Recently I came across the article, Social websites harm children’s brains: Chilling warning to parents from top neuroscientist,” and forwarded the link to my daughter (mother of two sons, 5 months old and 2 years old). Her reply was, “I worry about this a lot. Just add it to the list of things that keep me awake at night.” Last night, I was awake thinking about the daunting job that today’s parents face, and how our highly “wired” world will have an impact on the lives of our young children.100_13552

The article states that Professor Susan Greenfield, an Oxford University neuroscientist, believes repeated exposure to social networking sites and technologies could “rewire” the brain of young users and harm their ability to form human relationships. Computer games and fast-paced TV shows also are a concern. Her fear is that these technologies are infantilizing the brain into the state of small children who are attracted by buzzing noises and bright lights, have a small attention span and live for the moment. A teacher of 30 years told Greenfield she had noticed a sharp decline in the ability of her pupils to understand others. And the article noted that educational psychologist Jane Healy believes children should be kept away from computer games until they are seven, since most games only trigger the “flight or fight” region of the brain, rather than the vital areas responsible for reasoning.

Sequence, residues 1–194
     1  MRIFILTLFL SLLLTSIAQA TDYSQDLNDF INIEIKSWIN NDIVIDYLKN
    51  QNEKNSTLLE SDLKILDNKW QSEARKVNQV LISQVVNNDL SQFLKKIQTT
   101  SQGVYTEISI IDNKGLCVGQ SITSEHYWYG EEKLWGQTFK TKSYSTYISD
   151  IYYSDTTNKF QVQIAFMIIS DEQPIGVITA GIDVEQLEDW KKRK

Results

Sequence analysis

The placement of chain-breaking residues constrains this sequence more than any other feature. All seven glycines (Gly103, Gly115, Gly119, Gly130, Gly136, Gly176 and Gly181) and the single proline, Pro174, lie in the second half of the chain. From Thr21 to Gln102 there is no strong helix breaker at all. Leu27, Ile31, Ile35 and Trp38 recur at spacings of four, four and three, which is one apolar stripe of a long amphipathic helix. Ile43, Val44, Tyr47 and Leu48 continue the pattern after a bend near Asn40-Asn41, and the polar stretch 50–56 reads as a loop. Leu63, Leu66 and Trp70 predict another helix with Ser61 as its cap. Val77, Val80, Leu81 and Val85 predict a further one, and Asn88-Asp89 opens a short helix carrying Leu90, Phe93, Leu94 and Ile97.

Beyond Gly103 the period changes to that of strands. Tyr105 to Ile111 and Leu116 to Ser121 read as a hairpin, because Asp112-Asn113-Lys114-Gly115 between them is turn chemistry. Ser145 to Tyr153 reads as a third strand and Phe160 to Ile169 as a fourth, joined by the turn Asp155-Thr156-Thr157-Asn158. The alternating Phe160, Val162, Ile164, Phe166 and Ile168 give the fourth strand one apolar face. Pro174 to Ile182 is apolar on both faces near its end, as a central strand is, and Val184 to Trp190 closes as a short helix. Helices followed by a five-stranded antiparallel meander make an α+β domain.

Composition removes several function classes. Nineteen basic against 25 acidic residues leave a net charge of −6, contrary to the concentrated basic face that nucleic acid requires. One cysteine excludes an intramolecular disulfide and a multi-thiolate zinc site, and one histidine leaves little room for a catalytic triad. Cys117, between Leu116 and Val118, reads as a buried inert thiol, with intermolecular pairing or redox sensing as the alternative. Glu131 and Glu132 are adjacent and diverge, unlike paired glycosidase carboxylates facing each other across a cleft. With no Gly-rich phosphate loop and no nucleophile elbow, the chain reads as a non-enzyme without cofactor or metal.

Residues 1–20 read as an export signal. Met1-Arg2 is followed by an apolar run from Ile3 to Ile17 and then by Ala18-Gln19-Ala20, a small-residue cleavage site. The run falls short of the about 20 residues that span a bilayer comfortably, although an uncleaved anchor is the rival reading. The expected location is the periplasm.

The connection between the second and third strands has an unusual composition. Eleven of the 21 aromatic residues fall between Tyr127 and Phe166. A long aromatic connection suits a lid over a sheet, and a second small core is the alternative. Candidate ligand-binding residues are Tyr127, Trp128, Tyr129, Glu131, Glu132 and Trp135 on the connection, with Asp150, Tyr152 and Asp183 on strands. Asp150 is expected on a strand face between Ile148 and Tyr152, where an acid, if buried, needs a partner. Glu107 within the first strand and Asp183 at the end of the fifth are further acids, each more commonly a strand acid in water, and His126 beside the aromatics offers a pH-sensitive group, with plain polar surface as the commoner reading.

As a long distance grandparent, my relationship with my grandsons is enhanced by technology. With Skype (video calls between computers), I can see them take their first steps, ask them questions, make funny faces at them and even read a book aloud as they turn the pages. My daughter also maintains a family blog where she posts videos and pictures of the boys to share with family and friends. Technology makes the distance more bearable, and offers the ability to share family moments.

As the boys grow older, it will be increasingly difficult to manage the influence and use of digital technology. I hope that additional research is underway to understand the effects of technology on children during their crucial stages of emotional, physical and mental development. Meanwhile, parents (and grandparents), caretakers and educators would be wise to take note of this current information, be aware of their own behavior as role models, and determine the role of technology in the lives of their young children—avoiding the negative aspects, yet harnessing the potential!

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